5. We are of opinion that Section 218 of the Indian Penal Code does not apply to this case. No doubt it is injurious to the public that such serious offences as robbery should be hushed up, but unfortunately the definition of “injury” contained in the Penal Code does not cover anything that took place that night at the thana. We can well understand that oases of falsification of reports may occur which come within the purview of Section 218. All we decide is that this case does not. There is nothing in this case to show that Muhammad Ismail Khan intended to cause loss or injury to the public or to any person, or that he intended to save, or knew he was likely to save, anyone from punishment or had any of the other intents mentioned in Section 218,. when he suppressed the real report and entered the false one,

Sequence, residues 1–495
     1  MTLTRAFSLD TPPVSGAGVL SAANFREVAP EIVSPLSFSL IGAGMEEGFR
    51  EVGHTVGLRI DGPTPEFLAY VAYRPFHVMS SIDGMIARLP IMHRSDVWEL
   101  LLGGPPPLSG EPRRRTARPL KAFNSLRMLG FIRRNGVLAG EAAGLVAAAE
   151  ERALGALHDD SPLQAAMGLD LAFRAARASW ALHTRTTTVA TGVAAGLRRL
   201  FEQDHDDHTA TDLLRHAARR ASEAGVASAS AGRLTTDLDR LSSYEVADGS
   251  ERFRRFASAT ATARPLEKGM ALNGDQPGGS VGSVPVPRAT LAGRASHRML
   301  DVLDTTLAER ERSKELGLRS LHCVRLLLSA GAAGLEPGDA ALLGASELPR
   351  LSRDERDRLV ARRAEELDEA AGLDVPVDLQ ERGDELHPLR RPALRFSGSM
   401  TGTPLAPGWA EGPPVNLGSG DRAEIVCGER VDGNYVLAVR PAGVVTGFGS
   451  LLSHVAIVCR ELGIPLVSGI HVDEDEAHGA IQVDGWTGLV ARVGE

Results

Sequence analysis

6. We are of opinion, and we find, that Muhammad Ismail Khan did commit an offence punishable under Section 177 of the Indian Penal Code. He was bound by law to enter in the general diary all reports of cognizable and non-cognizable cases made to him at the than a. It is needless to say that this duty involved that he should truthfully enter those reports. One object of that diary is to inform the Magistrate of the District and District Superintendent of Police of the offences which have been reported at the thana. In that sense the diary furnishes them with “information,” and at this particular thana it was the duty of Muhammad Ismail Khan to furnish such information to the Magistrate of the District and the District Superintendent of Police by means of the truthful entry of reports made to him. What he did was–he furnished by means of a false entry information which he knew to be false. He suppressed the real report, and entered a report which had not been made. Indeed we would be prepared to hold that Muhammad Ismail Khan in not entering the report which was made to him, even if he had made no entry at all, would have brought himself under Section 177, as the result would have been that he would have thereby informed the Magistrate of the District and the District Superintendent of Police that no report of a cognizable offence had been made, which would have been false information. It is absolutely necessary in the interests of the public that Police officers charged with the duty of entering these reports should enter them truthfully. We regard this as a serious case. A grave offence had been committed, and the action of Muhammad Ismail Khan, possibly countenanced by some other Police officer, that night has resulted in no inquiry so far as we are aware, having been instituted in respect of this highway robbery. We are aware that this class of offence is committed in certain districts; that reports made have been minimised and minor offences entered when a graver offence was in fact reported. We cannot pass over this offence lightly. We set aside the order of acquittal, and we convict Muhammad Ismail Khan of the offence punishable under Section 177, and sentence him to be rigorously imprisoned for eighteen calendar months; the imprisonment will begin from the time when he is taken into custody to undergo this sentence.